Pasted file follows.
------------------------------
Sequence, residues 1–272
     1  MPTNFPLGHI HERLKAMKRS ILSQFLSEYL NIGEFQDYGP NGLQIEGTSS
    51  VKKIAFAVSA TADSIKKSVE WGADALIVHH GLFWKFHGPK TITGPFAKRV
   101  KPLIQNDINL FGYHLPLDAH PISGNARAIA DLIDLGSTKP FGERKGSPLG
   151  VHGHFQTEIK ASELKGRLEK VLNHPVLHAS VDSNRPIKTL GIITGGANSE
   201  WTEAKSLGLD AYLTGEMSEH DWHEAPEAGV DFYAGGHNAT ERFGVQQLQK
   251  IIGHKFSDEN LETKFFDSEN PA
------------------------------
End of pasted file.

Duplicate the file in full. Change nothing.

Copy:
Sequence, residues 1–272
     1  MPTNFPLGHI HERLKAMKRS ILSQFLSEYL NIGEFQDYGP NGLQIEGTSS
    51  VKKIAFAVSA TADSIKKSVE WGADALIVHH GLFWKFHGPK TITGPFAKRV
   101  KPLIQNDINL FGYHLPLDAH PISGNARAIA DLIDLGSTKP FGERKGSPLG
   151  VHGHFQTEIK ASELKGRLEK VLNHPVLHAS VDSNRPIKTL GIITGGANSE
   201  WTEAKSLGLD AYLTGEMSEH DWHEAPEAGV DFYAGGHNAT ERFGVQQLQK
   251  IIGHKFSDEN LETKFFDSEN PA